Chicago's Woes Presage More Problems for Muni Investors

Country US IllinoisDetroit and Chicago couldn't seem to be more different. The former is a manufacturing wasteland, except for the resilience of the Big Three, and it suffers from massive demographic and economic problems. Chicago, by contrast, is the home of the world's largest futures and options exchanges and it is the Midwest's center for trade and entrepreneurship. But Chicago suffers below the surface from many of the endemic infrastructure problems that brought Detroit low. Its precariousness carries a cautionary tale for investors who think their muni portfolios will always provide bullet-proof returns.

Moody's Investors Service dropped Chicago's credit rating on $8.1 billion of general obligation bonds to Ba1 on Tuesday - the first time the city's debt has been labelled junk by a major rating firm. This move could force the city to accelerate debt repayment on $2.2 billion of securities.

The problem is, Chicago has a big deficit in its city pension retirement account. Moody's estimates Chicago has a $20 billion unfunded pension liability, and its options have narrowed since the Illinois Supreme Court struck down a pension reform law meant to bridge this gap.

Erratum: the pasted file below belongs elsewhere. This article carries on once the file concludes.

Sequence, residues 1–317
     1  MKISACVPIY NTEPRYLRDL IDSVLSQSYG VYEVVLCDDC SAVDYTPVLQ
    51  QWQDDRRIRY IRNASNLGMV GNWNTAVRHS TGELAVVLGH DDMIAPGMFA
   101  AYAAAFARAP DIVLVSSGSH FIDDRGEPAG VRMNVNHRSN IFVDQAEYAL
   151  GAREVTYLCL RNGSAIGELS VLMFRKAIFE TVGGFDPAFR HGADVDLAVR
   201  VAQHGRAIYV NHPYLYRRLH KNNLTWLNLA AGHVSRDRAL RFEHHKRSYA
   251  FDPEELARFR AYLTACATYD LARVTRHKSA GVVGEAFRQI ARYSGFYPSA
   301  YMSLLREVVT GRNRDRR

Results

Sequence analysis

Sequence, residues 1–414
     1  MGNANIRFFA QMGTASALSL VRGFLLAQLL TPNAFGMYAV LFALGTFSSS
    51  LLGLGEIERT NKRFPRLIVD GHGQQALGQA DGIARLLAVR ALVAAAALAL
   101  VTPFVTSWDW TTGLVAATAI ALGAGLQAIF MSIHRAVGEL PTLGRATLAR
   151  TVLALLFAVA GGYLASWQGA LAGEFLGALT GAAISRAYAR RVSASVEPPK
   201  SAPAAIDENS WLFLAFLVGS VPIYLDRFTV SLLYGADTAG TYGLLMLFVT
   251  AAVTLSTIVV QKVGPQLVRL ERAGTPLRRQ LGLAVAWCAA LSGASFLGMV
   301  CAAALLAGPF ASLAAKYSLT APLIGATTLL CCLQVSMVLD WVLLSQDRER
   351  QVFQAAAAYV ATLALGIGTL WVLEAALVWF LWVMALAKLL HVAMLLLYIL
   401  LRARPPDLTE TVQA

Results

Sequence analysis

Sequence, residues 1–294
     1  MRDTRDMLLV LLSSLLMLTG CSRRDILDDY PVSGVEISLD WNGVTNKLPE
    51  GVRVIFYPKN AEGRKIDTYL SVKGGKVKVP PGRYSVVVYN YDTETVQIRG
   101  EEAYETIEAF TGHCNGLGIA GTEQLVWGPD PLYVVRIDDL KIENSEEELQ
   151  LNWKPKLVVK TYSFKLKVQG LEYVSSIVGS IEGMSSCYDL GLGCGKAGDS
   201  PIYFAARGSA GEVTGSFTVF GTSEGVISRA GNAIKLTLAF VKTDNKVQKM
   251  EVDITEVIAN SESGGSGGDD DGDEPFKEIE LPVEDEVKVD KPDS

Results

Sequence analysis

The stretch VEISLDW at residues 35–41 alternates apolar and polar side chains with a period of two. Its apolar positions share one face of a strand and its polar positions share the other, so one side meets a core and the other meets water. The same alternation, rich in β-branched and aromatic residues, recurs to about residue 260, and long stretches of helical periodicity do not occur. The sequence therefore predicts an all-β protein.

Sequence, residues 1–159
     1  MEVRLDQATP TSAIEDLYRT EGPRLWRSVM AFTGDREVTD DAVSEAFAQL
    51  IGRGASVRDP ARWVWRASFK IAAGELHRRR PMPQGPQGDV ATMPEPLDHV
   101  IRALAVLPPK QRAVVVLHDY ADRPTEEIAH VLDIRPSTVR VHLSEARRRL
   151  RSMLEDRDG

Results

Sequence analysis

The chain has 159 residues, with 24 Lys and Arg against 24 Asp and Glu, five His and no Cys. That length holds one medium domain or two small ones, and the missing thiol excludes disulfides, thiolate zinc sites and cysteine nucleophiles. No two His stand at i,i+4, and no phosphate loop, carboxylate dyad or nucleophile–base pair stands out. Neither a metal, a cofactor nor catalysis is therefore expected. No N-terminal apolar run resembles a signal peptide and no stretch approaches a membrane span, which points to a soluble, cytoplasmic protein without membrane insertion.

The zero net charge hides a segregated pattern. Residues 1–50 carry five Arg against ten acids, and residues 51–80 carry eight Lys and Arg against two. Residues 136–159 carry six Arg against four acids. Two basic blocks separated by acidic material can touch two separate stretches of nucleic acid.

The governor, Bruce Rauner, has said he will not bail out Chicago, although Illinois supposedly bars cities from entering bankruptcy protection.

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This is a problem for investors who use munis as a high-quality anchor for a fixed income portfolio. Typically, munis pay out about the same on an after-tax basis as similarly rated taxable bonds. Nonetheless, the tax shield gives investors a slight bump. More importantly, many investors think that municipalities will go to great lengths to avoid defaulting on these bonds. Unfortunately, that may not always be in their control: There have been some 33 municipal defaults in the last three years.

Munis can be tricky to sell - they are often issued in odd lots, with non-standardized terms. They are also subject to predation by revenue-hungry legislatures.

But the biggest threat to muni investors is not state representatives pulling tax shields. It's the underlying fundamentals of the issuers which, as the Windy City shows, can be unwelcomely turbulent.